Fish 'Very Capable Of Learning And Remembering'
by ROBERT MATTHEWS
Copyright 2004 The Sunday Telegraph, London
If you thought fish were cold, wet morons who forget everything in three seconds flat, think again. Scientists have found they are fast learners, carry mental maps around in their heads - and can retain memories for months.
Swimming gormlessly around in aquaria, fish have long been dismissed as dunces compared with "higher" animals such as rats, dogs and primates. This view is now being challenged by findings that could re-ignite the debate over the cruelty of angling.
Tests of small fish in aquaria at the University of Oxford has shown that despite their tiny brains, they possess cognitive abilities outstripping those of some small mammals.
Dr Theresa Burt de Perera made the discovery using blind Mexican cave fish, which rely on subtle changes in pressure to detect the presence of objects around them. In the experiments, Dr Burt de Perera found the fish did more than merely avoid bumping into objects in their tank. Tests showed that they set about building a detailed map of their surroundings, memorising the obstacles in it in just a few hours. Once stored in their brain, the fish then used their "mental map" to spot changes in the shape and size of the obstacle course around them - a feat that defeats hamsters.
In one test, involving obstacles arranged in a specific order, the fish proved capable of learning and memorising the order - and quickly spotted when Dr Burt de Perera tried to trick them by swapping obstacles around.
According to Dr Burt de Perera, the findings - which appear in the current issue of the Proceedings of the Royal Society - show that the image of fish is in need of a makeover. "The public perception of them is that they are pea-brained numbskulls that canít remember things for more than a few seconds", she told the Sunday Telegraph. "Weíre now finding that they are very capable of learning and remembering, and possess a range of cognitive skills that would surprise many people".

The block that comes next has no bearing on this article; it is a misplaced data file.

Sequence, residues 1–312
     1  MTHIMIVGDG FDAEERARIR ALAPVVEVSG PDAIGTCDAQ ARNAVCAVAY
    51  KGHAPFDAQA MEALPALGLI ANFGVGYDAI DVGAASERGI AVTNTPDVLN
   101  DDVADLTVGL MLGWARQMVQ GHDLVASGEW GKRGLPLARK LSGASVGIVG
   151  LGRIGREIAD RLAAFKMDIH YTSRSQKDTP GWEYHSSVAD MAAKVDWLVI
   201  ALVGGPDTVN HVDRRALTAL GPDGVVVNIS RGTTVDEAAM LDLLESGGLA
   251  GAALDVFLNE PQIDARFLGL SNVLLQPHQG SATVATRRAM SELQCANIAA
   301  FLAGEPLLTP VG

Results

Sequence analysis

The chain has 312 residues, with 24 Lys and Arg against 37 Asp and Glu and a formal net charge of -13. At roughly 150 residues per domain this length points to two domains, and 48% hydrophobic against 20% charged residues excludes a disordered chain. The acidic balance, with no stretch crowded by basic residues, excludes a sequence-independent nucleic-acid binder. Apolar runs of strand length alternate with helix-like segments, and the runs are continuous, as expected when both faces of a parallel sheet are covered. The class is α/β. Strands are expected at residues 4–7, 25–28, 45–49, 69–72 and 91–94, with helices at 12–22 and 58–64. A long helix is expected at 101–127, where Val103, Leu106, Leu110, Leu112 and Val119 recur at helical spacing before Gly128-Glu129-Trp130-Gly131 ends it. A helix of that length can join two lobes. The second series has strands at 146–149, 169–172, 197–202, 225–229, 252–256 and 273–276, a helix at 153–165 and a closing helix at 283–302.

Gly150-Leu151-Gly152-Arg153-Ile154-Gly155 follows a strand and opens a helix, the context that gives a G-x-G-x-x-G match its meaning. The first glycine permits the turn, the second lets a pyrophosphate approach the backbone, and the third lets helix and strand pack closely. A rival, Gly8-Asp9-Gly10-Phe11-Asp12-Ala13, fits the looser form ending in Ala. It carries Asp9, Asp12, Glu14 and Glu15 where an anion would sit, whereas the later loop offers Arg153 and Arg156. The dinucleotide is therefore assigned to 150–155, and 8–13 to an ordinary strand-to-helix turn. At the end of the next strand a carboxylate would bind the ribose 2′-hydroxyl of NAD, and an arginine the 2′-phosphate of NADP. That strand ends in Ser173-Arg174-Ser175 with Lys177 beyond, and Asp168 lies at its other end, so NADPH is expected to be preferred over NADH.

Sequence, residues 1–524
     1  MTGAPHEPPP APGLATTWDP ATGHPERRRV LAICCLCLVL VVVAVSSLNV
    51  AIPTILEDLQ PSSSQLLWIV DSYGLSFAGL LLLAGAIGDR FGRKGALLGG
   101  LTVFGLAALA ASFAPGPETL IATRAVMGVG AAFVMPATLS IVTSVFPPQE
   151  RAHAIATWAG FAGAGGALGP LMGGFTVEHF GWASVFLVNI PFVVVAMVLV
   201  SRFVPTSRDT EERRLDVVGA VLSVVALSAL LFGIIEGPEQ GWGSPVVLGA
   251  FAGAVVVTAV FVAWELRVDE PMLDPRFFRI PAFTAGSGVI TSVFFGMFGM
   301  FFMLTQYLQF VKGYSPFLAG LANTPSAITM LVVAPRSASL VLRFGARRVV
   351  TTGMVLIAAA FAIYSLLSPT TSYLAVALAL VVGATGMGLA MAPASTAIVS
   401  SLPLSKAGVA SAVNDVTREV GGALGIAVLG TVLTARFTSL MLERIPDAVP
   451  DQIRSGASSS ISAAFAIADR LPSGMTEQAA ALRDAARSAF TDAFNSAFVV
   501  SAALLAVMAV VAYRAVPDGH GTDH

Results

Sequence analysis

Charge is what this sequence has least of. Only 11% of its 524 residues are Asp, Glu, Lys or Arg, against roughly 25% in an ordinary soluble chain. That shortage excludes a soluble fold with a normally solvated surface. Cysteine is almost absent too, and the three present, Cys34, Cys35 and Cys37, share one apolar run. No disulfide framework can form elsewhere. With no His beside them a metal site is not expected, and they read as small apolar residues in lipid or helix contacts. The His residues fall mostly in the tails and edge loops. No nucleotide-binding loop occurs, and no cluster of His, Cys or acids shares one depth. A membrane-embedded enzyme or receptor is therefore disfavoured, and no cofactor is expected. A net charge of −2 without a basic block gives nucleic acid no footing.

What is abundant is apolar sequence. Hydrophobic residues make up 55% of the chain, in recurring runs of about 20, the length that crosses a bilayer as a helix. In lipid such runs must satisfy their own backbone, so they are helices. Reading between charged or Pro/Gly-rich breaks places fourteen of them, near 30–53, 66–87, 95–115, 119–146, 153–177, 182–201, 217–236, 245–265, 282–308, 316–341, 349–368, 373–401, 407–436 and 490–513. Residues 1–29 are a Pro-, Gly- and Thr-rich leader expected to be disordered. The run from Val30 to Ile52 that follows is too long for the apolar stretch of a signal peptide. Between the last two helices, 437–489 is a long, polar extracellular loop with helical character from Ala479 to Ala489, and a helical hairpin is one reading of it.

Laboratory tests on other fish have found that they can store memories for many months, confounding the belief that they forget everything after a few seconds. Dr Culum Brown at the University of Edinburgh has found that Australian crimson spotted rainbowfish who learned to escape from a net put in their tank remembered how they did it 11 months later, which given their much shorter lives, is like humans recalling a lesson learned 40 years ago.
"The take-home message is that in some areas the cognitive abilities of fish can match non-human primates", said Dr Burt de Perera. "Just because they have small brains does not mean they arenít capable of doing interesting things".
Her findings have been welcomed by fish-lovers as scientific proof of their belief that their pets can do more than blow bubbles. "They are totally misunderstood", said Karen Youngs (CORRECT), editor of Practical Fishkeeping. "We know from our readers that fish can recognise their owners, and some will go into a sulk if someone else tries to feed them".
Mrs Youngs added that the research may mean fish-owners have to make their aquaria a bit more interesting for their occupants: "We know that fish such as oscars do enjoy having a table-tennis ball to bash about - they seem to get something out of that".
The mounting evidence for fish intelligence looks likely to re-ignite the controversy over angling, which has so far focused mainly on whether fish can feel pain. "This research moves the debate along, by showing that fish arenít just swimming vegetables", said Dawn Carr, director of People for the Ethical Treatment of Animals (Peta). "The more we find out about fish, the less likely people are to feel comfortable about impaling them on a hook for fun".
Hopes that the new research might lead to a change in heart among angling enthusiasts were quickly dashed by the National Federation of Anglers. "Their intelligence just adds to the interest - it would be awful if people were only catching fish that were stupid", said Rodney Coldron, a spokesman for the NFA. "I think it might attract more people to fishing, by showing itís more of an even contest".
Published here with the permission of the Author. Many thanks to Kyriakos Seitis for getting his permission for MCH.